The benefits that people gain from poisonous plants extend well beyond the pleasure many varieties of beautiful but poisonous house and garden ornamentals, like laburnum and oleander, can bring. From the glycosides of foxglove, used as heart medicines, to the alkaloids of ipecac, used as an emetic to treat poisoning, toxic compounds and poisonous plants applied in appropriate doses provide us with many important medicines. For 80 percent of the world's people, plants are the primary source of medicine, and even in modern industrial societies, over one-quarter of prescriptions are derived at least in part from plants, many of which are potentially toxic.
Pacific yew (Taxus brevifolia), for example, is a small forest tree of the Pacific Northwest of North America, which has long been known to have
toxic foliage, seeds, and bark. In the late 1960s during a mass screening of plants sponsored by the National Cancer Institute, yew bark was found to contain a potent anticancer drug, called taxol. By the 1980s taxol had undergone extensive clinical trials and became the drug of choice for treating ovarian cancer, previously considered incurable, as well as being used for breast cancer and other forms of cancer.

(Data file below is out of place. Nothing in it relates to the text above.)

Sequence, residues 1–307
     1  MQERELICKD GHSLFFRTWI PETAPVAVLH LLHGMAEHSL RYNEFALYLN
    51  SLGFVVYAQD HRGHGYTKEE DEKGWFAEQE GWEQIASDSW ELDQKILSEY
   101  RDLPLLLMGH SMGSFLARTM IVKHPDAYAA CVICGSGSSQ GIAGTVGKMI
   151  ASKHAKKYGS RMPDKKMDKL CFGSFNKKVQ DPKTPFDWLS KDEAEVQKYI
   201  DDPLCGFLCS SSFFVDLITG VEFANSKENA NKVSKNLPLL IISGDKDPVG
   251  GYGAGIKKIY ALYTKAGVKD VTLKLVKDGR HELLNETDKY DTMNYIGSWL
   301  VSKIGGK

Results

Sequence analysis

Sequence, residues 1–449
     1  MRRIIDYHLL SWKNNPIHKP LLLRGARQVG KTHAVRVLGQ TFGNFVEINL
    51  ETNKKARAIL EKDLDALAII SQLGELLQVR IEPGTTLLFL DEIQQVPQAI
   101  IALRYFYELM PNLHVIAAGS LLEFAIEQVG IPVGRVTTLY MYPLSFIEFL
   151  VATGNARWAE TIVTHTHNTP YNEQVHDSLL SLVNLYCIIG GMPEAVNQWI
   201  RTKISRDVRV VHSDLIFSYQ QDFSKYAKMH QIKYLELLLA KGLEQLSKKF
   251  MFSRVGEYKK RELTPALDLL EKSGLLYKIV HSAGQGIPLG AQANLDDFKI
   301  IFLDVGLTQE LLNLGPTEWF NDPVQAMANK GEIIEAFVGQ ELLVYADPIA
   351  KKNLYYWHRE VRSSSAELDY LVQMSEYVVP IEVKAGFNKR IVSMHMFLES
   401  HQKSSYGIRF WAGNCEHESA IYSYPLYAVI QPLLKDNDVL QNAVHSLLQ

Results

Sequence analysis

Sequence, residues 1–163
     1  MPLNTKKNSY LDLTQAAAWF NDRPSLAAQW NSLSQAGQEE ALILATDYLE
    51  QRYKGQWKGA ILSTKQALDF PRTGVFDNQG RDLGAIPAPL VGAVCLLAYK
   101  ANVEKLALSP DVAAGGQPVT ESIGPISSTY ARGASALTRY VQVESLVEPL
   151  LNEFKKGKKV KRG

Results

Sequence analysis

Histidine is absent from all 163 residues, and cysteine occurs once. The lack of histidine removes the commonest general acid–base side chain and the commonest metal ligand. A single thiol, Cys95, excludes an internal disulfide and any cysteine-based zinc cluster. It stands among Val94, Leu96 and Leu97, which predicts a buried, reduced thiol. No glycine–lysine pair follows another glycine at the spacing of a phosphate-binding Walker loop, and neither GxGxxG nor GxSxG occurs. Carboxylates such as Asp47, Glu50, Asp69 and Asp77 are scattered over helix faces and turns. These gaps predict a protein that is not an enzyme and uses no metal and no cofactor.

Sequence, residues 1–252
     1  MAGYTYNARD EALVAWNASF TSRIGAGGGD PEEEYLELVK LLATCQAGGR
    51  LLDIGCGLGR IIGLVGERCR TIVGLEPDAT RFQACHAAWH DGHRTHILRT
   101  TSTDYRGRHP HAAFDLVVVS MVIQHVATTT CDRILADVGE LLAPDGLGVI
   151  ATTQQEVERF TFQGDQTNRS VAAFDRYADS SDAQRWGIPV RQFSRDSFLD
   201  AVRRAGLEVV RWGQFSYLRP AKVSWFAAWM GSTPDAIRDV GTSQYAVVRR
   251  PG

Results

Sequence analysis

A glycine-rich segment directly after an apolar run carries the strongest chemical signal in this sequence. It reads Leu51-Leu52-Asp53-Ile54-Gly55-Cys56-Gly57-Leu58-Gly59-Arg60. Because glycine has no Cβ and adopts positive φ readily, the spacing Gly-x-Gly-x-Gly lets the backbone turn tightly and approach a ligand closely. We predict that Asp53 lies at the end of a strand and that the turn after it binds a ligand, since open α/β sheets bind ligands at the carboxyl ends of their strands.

Another deadly toxin that now has important medicinal applications is derived from a fungus called ergot (Claviceps spp.), which grows on grains like rye, wheat, and barley. For many centuries in Europe and elsewhere this fungus, a common contaminant of grain and flour, caused tremendous suffering from chronic poisoning, which produced a range of symptoms from skin ulcers to hallucinations and insanity. In modern medicine, however, ergot is used to stimulate uterine contractions during labor and to control uterine hemorrhaging.
Many other poisonous species have found important applications: strychnine (Strychnos nux-vomica) is used in surgery as a relaxant; belladonna's alkaloid, atropine, is used in ophthamology to dilate the pupils of the eyes; opium poppy (Papaver somniferum) produces the painkiller morphine; and Madagascar periwinkle (Cantharanthus roseus) yields two alkaloids, vincristine and vinblastine, which are used effectively as treatments for childhood leukemia and Hodgkin's disease.
Most people regularly enjoy another beneficial aspect of poisonous plants. Many spices that are used to flavor foods all over the world are actually poisonous if taken in large quantities. For example, nutmeg (Myris-tica fragrans), which grows on trees native to India, Australia, and the South Pacific, contains volatile oils that give it its distinctive aroma and flavour. Harmless in small amounts, in larger doses nutmeg can cause a series of unpleasant effects to the central nervous system, and ten grams can be enough to induce coma, and even death. Mint, black pepper, and cinnamon are further examples of common herbs and spices that are pleasant and beneficial to humans in moderation, but that can be poisonous in large amounts.
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